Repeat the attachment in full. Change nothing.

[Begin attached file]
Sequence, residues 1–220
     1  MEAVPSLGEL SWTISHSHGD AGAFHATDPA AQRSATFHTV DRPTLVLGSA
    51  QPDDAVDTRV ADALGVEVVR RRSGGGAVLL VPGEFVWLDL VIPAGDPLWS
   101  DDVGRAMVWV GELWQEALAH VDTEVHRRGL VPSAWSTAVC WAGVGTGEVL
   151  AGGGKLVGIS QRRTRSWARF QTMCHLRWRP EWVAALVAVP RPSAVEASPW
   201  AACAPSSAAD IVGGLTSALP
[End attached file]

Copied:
Sequence, residues 1–220
     1  MEAVPSLGEL SWTISHSHGD AGAFHATDPA AQRSATFHTV DRPTLVLGSA
    51  QPDDAVDTRV ADALGVEVVR RRSGGGAVLL VPGEFVWLDL VIPAGDPLWS
   101  DDVGRAMVWV GELWQEALAH VDTEVHRRGL VPSAWSTAVC WAGVGTGEVL
   151  AGGGKLVGIS QRRTRSWARF QTMCHLRWRP EWVAALVAVP RPSAVEASPW
   201  AACAPSSAAD IVGGLTSALP